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What makes a film scary

Why do some horror films stay with you days after you watched them, haunting you, while others are gone from you’re mind when you leave the cinema? If you take a lot of horror movies these days, they don’t actually scare. They shock you.

When we were all younger I used to scare my cousins. ‘Scream’ had just come out and we had the mask from the movie. I remember waiting patiently for my younger cousin and sister to be playing innocently, before jumping out from behind the door, shouting, and making them jump. This would shock them, like many horror movies these days do – with a sudden jolt of music or a figure jumping out. I wasn’t scaring my cousins, as these films don’t scare their audiences. They simply screamed and then laughed. So I shocked them momentarily.

Shock is defined as an unexpected, intense, and distressful experience that has a sudden and powerful effect on somebody’s emotions or physical reactions. It doesn’t stay with the individual though, and after one shock is exposed in a lame horror, another will come soon after with another burst of loud music.

I did however scare my cousin and younger sister another time. This time, instead of jumping out, I appeared in the doorway behind them (again wearing the mask), were they were playing and simply stood there, watching them in silence. They soon both felt my presence and turned, to which they started to laugh. I simply stood there though. After a minute, their laughter subsided into pleads of “stop it!” and their laughter was replaced by terror, and in the end racking sobs and trembling. So now that I’ve made myself sound like a cruel freak, I’ll get back to my point. This time they were frightened, they were terrified. I’d scared them. It took them about an hour to calm down even after I’d removed the mask and they were in on the joke. Scared is defined as a feeling full of worry or fear.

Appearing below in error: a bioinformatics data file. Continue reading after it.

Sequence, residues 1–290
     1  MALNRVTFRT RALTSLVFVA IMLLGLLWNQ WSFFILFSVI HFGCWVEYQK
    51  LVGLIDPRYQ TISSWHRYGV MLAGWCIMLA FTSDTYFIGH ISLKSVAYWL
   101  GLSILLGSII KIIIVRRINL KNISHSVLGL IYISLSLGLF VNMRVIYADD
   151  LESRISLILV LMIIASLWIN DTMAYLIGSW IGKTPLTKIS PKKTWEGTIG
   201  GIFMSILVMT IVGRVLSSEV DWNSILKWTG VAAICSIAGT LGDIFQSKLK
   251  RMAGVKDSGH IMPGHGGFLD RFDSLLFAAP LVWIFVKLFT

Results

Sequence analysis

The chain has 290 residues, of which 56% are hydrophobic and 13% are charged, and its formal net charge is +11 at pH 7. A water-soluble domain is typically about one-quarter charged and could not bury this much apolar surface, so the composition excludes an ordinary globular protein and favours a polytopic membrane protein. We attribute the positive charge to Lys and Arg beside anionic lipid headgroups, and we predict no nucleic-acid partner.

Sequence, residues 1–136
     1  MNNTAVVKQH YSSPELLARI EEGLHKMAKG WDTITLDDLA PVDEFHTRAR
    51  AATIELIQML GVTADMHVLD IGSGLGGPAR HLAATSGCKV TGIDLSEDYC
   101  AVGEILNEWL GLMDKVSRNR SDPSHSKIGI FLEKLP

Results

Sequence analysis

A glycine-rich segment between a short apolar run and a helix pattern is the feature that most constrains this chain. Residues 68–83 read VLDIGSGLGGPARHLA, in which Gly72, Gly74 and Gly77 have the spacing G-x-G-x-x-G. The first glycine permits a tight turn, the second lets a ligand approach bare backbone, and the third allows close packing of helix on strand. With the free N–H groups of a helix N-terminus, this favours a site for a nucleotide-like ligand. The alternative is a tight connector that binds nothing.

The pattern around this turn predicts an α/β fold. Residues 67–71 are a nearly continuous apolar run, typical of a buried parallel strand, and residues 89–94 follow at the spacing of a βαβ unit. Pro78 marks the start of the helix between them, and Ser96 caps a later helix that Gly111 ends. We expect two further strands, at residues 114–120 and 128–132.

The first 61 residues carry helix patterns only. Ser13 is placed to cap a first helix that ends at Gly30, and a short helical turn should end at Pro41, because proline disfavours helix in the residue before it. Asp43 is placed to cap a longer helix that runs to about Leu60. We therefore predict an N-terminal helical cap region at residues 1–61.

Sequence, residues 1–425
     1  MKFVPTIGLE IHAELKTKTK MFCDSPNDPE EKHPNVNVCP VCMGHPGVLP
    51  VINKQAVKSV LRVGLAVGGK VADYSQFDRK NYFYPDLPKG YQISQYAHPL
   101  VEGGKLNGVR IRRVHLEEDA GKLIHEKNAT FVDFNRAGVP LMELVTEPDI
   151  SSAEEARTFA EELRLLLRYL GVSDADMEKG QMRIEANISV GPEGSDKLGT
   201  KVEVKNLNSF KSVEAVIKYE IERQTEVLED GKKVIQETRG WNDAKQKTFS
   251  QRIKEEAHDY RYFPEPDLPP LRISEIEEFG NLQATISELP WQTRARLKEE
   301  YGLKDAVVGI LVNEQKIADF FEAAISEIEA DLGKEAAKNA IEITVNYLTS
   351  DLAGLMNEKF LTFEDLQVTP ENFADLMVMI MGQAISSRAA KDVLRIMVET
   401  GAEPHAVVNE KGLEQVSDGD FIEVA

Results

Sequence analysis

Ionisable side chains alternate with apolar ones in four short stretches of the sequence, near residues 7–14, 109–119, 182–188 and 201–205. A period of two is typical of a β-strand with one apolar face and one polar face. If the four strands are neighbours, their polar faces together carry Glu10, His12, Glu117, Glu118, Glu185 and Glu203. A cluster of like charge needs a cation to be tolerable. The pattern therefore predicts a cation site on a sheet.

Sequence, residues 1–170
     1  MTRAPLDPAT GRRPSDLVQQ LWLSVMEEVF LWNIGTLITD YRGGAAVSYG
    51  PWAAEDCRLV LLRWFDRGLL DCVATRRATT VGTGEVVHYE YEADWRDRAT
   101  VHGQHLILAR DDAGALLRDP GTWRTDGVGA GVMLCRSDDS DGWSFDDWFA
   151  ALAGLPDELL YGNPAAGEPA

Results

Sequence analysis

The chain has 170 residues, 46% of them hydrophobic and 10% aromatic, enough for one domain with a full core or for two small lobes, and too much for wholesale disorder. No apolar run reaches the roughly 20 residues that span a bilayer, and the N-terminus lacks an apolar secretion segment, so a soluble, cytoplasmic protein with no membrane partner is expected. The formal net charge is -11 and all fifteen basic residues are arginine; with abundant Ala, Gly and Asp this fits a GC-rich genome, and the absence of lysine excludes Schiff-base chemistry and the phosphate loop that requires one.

So when people leave a cinema after watching a horror and say “That was so scary, I jumped like five times!” They weren’t scared – they were shocked, so much so, they usually laugh after they jump - at their own silliness. This isn’t scaring someone. You know when you’ve seen a really good scary movie, because you can’t get the images from that film out of your head for days, you want to sleep with the light on. It gets to you on a primal level.

The last film that really creeped me out was ‘The Grudge’, it stayed with me after the cinema, and I had to leave the light on that night after watching it. A film that has always creeped me out and still does, is ‘The Exorcist.’ I can’t watch that film alone; I tried once and quickly ran up the stairs after witnessing Regan’s spider-walk for the first time, turning off the TV on my way. ‘The Exorcist’ really got to people, people had to leave the cinema, people became obsessed with the idea it was cursed, that the film itself was evil. This is an extreme case, but still, it did what horror should do. It haunted the audiences.

More examples: Just like ‘Jaws’ did to beaches and swim fans, ‘The Ring’ did to VHS and TVs. ‘The Ring’ struck an emotional cord with audiences, it left people sleepless at night and scared to be alone. When Samara crawled through the TV set, it was unexpected, but not jump- like shocking. That sequence was truly a terrifying moment on film that the movie had been building up-to throughout, and it left people in the theatre screaming in genuine fear. It had scared them.

There is a difference between shocking an audience and scaring them, and people don’t seem to see the difference enough. That’s not to say that a good horror won’t have shocks, because it will, but it will mostly count on the building sense of dread and horror.

So next time you watch a horror movie, ask yourself did it really scare you? Did it freak you out? Is it going to stay with you? Or did it simply make you jump a lot? A true horror fan will know the difference between these two horror types, and will respect the genre and films that scare you, much more than the ones which simply make you jump for a moment.






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Content copyright © 2013 by Steven Casey Murray. All rights reserved.
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